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Short story By: Philip Roberts
Literary fiction

Fifth Chris Smith story. In this story he meets his main abuser Alan Juchster.

Submitted:Dec 21, 2010    Reads: 50    Comments: 0    Likes: 0   

10:00 AM
Nothing! There was nothing at all! "There's never anything worthwhile!" thought Chris as he stooped to read a card pinned only centimetres from the bottom of the notice board. He read the card, then straightened and changed places with a tiny Italian woman who glanced at the card then shrugged at Chris. He nodded toward the woman, and put on his best bemused look to signify his agreement.
Chris glanced back over his left shoulder and saw the crowd at the counter had not visibly thinned out during the half an hour he had been waiting. But at least he had put his card in already, unlike many of the people jostling for a place at the front of the counter.
"All day!" thought Chris. He would be there all day, waiting for a five-minute interview. A whole day lost. A whole day, which could have been better, spent looking for work, or even at home completing his homework. He wondered how they expected him to ever find work, when they fooled him around like this, kept him waiting around for hours for an interview that should have been walked through in a couple of minutes?
"Penicolli?" called out Heinrich Himmler, standing behind the counter.
Chris had expected a Ja Wohl. But, of course, it wasn't really Heinrich Himmler, merely an excellent facsimile, right down to the starched black uniform. Or rather, the sharp-cut, old-fashioned suit could easily have stood in for a Gestapo uniform, apart from the lack of insignia. Chris wished he could see behind the counter to see if Heinrich was wearing army boots.
Penicolli's reply was unintelligible, lost beneath a heavy accent.
"You haven't filled it in properly," stated Heinrich Himmler, as Penicolli squeezed through the crowd to reach the front of the counter.
"Scuzie!" said Penicolli. Or at least that's what it sounded like to Chris.
"The form," said Heinrich to a bemused stare, "You haven't filled it in properly. Let's see ... Right, what's your nationality?"
"Australian," was only just intelligible beneath the accent.
"No, no, you stupid wog. Where were you born?" demanded Heinrich.
"Australian," insisted Penicolli, leaning over the counter to look at the form. To Chris, Penicolli looked like a customer in a butcher shop leaning across to select the finest cuts.
"Bullshit! If you were born in Australia, I was born on the moon," said Heinrich, giggling like an idiot at his own joke. Behind Heinrich a youth, who had been filing away small cards, stopped to snicker at the joke.
After another ten minutes of interrogation, Heinrich seemed satisfied that at last he had unearthed the truth. He led Penicolli around the counter and took him into one of the interrogation booths at the back of the building.
"Why do the stupid wogs always have to make it hard on themselves?" mused the youth filing away cards.
* * *
Chris had already made up his mind that he would be waiting all day for an interview, when he caught sight of Heinrich Himmler goose-stepping toward the front of the room. Heinrich picked up a green card from the stack of cards on a table across from the counter, and called out, "Smith! Christopher Smith!"
"Over here!" called out Chris.
Chris was marched down the thin aisle between the interrogation booths, to a booth near the very end of the building. He felt a touch of déjà vu going down the aisle. He remembered the last time he had been led down the aisle at church, nearly eight years earlier. Chris had just turned thirteen, and his stepmother had told him, "It's up to you now. Go to church if you want to, or stay away if you want to." So Chris had never gone to church again. "But this place is too gloomy even for a church," thought Chris. "It's more like a trip to the showers at Auschwitz."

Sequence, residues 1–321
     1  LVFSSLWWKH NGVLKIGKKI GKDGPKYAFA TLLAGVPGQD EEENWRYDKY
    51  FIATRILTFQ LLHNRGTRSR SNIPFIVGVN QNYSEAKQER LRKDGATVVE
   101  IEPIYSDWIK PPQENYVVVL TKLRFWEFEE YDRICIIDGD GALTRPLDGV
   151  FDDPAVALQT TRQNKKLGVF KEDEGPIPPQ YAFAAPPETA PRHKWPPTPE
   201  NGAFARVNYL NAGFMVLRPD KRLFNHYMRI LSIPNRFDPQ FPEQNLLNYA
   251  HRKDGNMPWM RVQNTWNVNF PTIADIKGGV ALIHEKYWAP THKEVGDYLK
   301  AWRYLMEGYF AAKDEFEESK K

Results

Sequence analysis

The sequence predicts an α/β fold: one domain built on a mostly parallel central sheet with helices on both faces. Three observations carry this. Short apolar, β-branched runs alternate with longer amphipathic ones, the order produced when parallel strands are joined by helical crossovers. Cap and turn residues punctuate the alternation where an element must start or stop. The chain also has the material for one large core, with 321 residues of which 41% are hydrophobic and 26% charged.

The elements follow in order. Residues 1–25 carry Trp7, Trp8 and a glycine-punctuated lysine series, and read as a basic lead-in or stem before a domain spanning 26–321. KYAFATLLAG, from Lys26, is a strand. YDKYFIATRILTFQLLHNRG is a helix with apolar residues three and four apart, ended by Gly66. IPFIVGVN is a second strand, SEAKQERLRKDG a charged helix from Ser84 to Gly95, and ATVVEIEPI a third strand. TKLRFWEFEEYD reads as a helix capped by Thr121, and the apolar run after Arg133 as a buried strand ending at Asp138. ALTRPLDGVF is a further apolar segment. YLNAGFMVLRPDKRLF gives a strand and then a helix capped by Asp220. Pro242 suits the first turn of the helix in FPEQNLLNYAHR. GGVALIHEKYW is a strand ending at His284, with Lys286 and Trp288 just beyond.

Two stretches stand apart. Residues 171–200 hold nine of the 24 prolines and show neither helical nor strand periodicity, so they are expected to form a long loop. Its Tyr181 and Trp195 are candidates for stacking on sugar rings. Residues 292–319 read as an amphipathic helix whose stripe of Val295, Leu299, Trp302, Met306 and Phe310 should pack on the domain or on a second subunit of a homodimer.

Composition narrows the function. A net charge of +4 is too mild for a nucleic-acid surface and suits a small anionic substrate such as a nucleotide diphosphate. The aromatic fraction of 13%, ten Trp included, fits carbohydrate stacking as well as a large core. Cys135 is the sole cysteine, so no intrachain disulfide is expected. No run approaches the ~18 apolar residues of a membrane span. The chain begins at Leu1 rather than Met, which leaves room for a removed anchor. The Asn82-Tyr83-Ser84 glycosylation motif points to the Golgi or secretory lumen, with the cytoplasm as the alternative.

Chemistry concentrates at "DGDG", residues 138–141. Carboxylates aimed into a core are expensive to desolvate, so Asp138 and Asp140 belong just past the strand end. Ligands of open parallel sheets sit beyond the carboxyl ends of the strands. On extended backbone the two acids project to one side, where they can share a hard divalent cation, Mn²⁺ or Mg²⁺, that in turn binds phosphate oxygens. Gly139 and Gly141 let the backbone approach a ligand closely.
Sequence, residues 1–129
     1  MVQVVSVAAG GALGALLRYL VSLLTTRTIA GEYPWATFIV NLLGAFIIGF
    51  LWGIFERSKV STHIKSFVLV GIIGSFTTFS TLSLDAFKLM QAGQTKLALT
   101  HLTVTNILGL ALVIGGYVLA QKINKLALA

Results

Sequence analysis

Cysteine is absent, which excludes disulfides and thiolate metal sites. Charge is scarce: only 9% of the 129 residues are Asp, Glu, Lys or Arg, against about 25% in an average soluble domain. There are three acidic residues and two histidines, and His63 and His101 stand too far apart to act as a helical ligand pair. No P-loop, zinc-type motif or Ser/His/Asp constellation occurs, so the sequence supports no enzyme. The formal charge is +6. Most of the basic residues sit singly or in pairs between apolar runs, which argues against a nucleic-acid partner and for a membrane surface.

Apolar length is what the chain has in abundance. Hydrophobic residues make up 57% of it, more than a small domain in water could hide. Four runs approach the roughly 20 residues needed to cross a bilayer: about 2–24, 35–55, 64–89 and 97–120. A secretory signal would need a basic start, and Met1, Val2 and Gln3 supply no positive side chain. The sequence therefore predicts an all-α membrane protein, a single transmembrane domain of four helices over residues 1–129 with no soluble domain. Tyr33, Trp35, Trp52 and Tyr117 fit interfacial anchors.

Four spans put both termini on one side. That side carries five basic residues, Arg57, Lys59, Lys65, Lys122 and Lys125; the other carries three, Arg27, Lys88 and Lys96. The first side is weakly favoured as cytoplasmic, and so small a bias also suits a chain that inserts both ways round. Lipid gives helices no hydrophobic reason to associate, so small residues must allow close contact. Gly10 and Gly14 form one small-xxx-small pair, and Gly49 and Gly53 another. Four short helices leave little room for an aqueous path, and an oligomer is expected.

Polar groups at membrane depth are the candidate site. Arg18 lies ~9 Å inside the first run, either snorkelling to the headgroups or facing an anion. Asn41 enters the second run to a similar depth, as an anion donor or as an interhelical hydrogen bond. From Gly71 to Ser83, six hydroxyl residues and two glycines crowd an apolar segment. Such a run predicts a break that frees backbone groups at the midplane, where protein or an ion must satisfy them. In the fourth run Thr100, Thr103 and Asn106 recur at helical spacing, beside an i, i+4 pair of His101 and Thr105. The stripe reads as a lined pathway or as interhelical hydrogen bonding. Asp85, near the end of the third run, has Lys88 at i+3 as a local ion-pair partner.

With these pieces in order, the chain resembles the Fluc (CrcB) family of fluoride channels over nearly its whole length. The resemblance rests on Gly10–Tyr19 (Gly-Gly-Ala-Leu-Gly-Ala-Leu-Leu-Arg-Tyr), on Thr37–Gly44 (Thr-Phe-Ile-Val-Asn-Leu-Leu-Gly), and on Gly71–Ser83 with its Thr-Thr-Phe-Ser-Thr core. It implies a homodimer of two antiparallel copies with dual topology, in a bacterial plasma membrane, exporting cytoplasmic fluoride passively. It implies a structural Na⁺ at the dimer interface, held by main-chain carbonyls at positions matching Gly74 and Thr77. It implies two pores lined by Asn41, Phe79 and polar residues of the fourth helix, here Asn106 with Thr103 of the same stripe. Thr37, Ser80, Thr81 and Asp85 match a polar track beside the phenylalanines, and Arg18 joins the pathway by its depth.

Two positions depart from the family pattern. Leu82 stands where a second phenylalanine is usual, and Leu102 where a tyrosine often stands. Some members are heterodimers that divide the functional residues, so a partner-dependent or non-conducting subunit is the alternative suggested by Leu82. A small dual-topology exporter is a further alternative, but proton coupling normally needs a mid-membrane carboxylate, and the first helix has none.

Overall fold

"Take a seat," said Heinrich a minute later, when they were hidden away from prying eyes, within the confines of the telephone box sized interrogation booth.
"I'm Allan Juchster," he said. But the reedy, effeminate voice did nothing to dispel the resemblance to Heinrich Himmler.
Chris held out his right hand to shake hands. He started to say "Heinrich," but quickly changed it to, "Hi, Al."
"Allan," Juchster corrected.
Chris noticed that the interrogation booth was at the very end of the building, the last of the twelve such booths. "I wonder if the people at the counter would hear the screams if he starts using the third degree?" thought Chris.
Most of the room in the booth was taken up by a small wooden table, piled high with note pads, card indexes, and other writing paraphernalia. Seated, the two men were close enough so they were almost touching knees.
"It says here that we sent you out after a job in a textile factory in Hyde Road last week," said Juchster, reading from the green card.
"That's right," agreed Chris sitting to attention on the stool. His back cried out for a backrest, but Chris knew better than to complain. Any show of weakness would be disastrous, and could give the enemy a lever to use against him. Chris knew the backless stool was a deliberate ploy to test his stamina.
"How did it go?" asked Juchster.
"Not very well," said Chris with a sigh. He knew that the interrogation was not going well either. "I had to turn it down."
"Why? What was wrong with it?" asked Juchster, writing upon the green card.
"Too far to walk," said Chris.
"Too far to walk?"
"That's right, over eighty minutes walk each way."
"What's wrong with that?"
"It's my kidney's," said Chris.
"What about them?"
"Well, you see, as a kid I suffered from kidney trouble: nephrotic syndrome."
"All right, all right," said Juchster, waving his hands around like a traffic cop having an epileptic fit, "don't try to baffle me with bull, just tell me what the hell having had bad kidneys as a child has got to do with you having to reject a perfectly good job?"
"Because, as a result I don't have the stamina needed to walk eighty minutes twice every day, as well as working an eight-hour shift."
"Don't have the inclination to work, you mean!"
"Look, I've already brought in papers from the hospital, a number of times, to show that I'm not able to do anything too strenuous," insisted Chris.
"Papers! Huh! I've never seen any papers from any hospital," said Juchster, scribbling on the green card. "Look, you said yourself that it's only eighty minutes' walk...."
"Eighty minutes each way!"